Earthquakes aren’t the only things that rattle the U.S. Pacific Northwest. And that’s a bonus for researchers looking for new ways to test quake sensors.
Fans of the Seattle Seahawks are notoriously loud and crazy. That is especially true when this football team is enjoying a winning season. After a stunning touchdown in the 2011 NFL playoffs, the crowd’s roars shook the Seattle stadium. Those vibrations also shook the surrounding ground.
Later, scientists analyzed recordings made by a seismic sensor. The instrument was located just across the street from the stadium. “We saw a clear signal,” remembers John Vidale. He studies earthquakes at the University of Washington in Seattle.
The energy of 70,000 fans jumping around for a minute could come close to the energy released by a small earthquake, Vidale now estimates. It occurred to him and other researchers that athletic events might be a good way to test seismic instruments. Indeed, one benefit: Football games, unlike earthquakes, happen on schedule. These experiments also are “a lot more fun” than running tests in a lab basement, he adds.
Vidale and coworkers got busy just before the January 2015 NFL playoff games in Seattle. The experts installed three portable sensors inside the Seahawks’ home stadium. Unlike in 2011, the strongest signal didn’t show up during a game-changing play. Instead, the greatest shaking coincided with the crowd’s jumping and dancing during the halftime show. (They had been moving in sync with Macklemore & Ryan Lewis’ hip-hop tune, “Can’t Hold Us.”)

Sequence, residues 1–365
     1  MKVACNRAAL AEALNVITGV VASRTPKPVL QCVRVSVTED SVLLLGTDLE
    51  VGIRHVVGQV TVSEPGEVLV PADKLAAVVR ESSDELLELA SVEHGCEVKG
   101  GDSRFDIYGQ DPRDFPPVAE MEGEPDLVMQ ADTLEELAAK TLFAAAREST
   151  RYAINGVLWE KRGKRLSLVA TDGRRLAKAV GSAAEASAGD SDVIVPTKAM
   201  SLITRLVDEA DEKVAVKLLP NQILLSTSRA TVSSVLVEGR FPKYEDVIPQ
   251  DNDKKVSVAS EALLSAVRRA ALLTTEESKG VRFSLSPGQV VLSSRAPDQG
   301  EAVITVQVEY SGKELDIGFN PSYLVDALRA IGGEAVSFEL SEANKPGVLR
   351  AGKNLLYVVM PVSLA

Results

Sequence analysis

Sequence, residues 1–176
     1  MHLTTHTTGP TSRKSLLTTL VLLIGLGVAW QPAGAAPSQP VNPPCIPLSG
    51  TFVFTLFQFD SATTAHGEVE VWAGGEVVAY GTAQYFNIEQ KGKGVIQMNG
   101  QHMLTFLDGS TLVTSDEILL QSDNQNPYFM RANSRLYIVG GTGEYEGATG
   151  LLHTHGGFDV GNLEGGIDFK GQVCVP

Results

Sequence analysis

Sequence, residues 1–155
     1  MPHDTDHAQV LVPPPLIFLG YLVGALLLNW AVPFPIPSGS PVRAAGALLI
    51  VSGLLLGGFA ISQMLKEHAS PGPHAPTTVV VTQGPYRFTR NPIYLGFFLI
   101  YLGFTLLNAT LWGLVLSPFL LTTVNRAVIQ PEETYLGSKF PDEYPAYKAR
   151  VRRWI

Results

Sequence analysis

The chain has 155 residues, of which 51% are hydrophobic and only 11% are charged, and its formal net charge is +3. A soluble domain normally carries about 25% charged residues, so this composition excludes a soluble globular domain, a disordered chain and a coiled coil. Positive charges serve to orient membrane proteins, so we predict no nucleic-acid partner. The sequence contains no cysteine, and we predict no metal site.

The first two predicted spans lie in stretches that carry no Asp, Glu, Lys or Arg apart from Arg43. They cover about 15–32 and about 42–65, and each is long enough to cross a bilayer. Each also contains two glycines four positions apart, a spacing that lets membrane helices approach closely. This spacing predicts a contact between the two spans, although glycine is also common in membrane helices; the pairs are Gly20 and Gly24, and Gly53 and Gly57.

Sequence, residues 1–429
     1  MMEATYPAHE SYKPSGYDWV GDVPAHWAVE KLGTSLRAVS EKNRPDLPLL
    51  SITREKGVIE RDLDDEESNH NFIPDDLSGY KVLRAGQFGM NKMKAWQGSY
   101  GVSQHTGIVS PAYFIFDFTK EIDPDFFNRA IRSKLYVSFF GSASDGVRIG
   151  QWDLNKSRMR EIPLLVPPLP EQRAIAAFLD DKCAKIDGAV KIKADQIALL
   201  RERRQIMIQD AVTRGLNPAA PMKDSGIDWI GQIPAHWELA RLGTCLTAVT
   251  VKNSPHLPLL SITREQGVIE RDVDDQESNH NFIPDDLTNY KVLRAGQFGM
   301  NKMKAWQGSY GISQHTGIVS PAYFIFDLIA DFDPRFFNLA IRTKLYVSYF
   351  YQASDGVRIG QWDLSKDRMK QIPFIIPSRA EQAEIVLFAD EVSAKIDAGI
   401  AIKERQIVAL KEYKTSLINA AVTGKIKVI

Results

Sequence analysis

One goal of the stadium experiment was to practice installing and collecting data with improved seismic sensors. Also new in 2015, the researchers developed software to display the seismic recordings with a delay of just a few seconds. That is less than the 10- to 15-second time lag built into the game’s televised broadcast.
Fans watched the display, called QuickShake, on the web during the playoff games. “People could see the crowds go crazy and then watch the players on TV hiking the ball,” Vidale says.
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earthquake A sudden and sometimes violent shaking of the ground, sometimes causing great destruction, as a result of movements within Earth’s crust or of volcanic action.
seismic Adjective for something having to do with the ground movements associated with earthquakes.
seismic wave A wave in the ground produced by an earthquake or other means.
seismometer (also known as a seismograph) An instrument that detects and measures tremors (known as seismic waves) as they pass through Earth.
seismology The science concerned with earthquakes and related phenomena. People who work in this field are known as seismologists.
sensor A device that picks up information on physical or chemical conditions — such as temperature, barometric pressure, salinity, humidity, pH, light intensity or radiation — and stores or broadcasts that information. Scientists and engineers often rely on sensors to inform them of conditions that may change over time or that exist far from where a researcher can measure them directly.
software The mathematical instructions that direct a computer’s hardware, including its processor, to perform certain operations.
vibrate To rhythmically shake or to move continuously and rapidly back and forth.